Sometimes we forget how important it is to choose the right kind of dog before going out and having the fun of picking out a new puppy. Practically everyone has a pet—how hard can it be to raise and keep a dog? Often, emotions take over when we go out to get a new pet, and all we can see is how cute and playful they are. But there is plenty of responsibility involved, and this is a big, long-term commitment that should not be undertaken on a whim. When we decide to get a new pet, matching temperament and breed characteristics to our personalities and lifestyle can make the whole experience of having a dog as rewarding as we imagine it to be. Choosing the wrong dog can turn the experience into a nightmare of frustration and difficulty.
Choosing the right dog can add emotional wealth and companionship to your life. A little work and research before you go out and pick a new dog can pay off for years to come. In this and the next post, I will discuss some common mistakes that can end in regrets, and some ways that you can get the best possible match when you select your new dog. You and your family need to be happy with your choice, and you will also have a responsibility to your new animal.
Let’s start with the common mistakes that are made. Most of these mistakes come from choosing a dog based on looks, or on mistaken associations that they have about types or sizes of dogs.
Mistake #1: Getting a breed because “I had one as a kid”. The memory of a beloved childhood pet is an enduring thing, and can influence our choices as adults. However, we rarely live the exact same lifestyle as we did growing up, and so the same dog breed won’t necessarily fit the same circumstances. Also, it’s easy to fondly remember a childhood dog from an age when an animal’s welfare and the upkeep of the household were not our responsibility! So start with a fresh slate, and consider your current lifestyle.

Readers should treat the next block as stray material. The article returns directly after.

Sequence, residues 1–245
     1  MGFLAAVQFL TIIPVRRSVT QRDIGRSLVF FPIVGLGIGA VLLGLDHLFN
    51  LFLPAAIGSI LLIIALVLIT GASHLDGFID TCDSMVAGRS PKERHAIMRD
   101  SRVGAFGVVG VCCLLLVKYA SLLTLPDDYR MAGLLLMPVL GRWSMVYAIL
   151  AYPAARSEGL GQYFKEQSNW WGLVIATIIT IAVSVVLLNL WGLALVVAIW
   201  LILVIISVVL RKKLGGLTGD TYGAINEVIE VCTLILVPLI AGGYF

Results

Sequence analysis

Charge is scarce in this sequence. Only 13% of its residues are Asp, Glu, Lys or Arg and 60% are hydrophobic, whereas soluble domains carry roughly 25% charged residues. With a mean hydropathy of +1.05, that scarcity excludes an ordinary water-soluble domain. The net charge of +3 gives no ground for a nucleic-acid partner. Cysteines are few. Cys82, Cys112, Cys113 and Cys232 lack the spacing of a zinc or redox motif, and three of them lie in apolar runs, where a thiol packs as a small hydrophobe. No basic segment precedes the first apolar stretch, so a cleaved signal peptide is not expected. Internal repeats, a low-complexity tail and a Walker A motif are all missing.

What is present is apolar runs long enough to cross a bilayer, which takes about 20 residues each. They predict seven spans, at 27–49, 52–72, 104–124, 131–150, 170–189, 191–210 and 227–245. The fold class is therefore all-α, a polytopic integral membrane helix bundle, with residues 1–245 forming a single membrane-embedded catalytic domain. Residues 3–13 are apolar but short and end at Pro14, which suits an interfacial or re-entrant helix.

Mistake #2: Choosing a dog because someone you know has a dog that you like. If your neighbor/friend/relative has a dog that you think is wonderful, don’t assume that getting another dog of the same breed will give the same result. Dogs vary individually, so you cannot count on getting the same temperament in your dog. Also, your dog will not receive exactly the same care, training, and exercise as someone else’s, and therefore a dog with the same energy levels or temperament might behave very differently than it would in different circumstances.
Mistake #3: Choosing a dog because you like the way they look. Frankly, many people choose pets solely on looks. It is important to choose based on temperament and a few other practical factors, rather than on appearances.
Mistake #4: Choosing a dog based on size. Actually, there are sometimes good reasons that size will play a factor in choosing a dog. But the mistake that I’m talking about here is a common one where people make assumptions about temperament based on the size of an animal. For example, I frequently hear comments such as, “I don’t like small dogs. They are so yappy and mean.” Temperament varies from breed to breed and from dog to dog, and above all depends on exercise, care, and training, regardless of size.
So, what should you look for when choosing a dog? We will go over those topics in the next post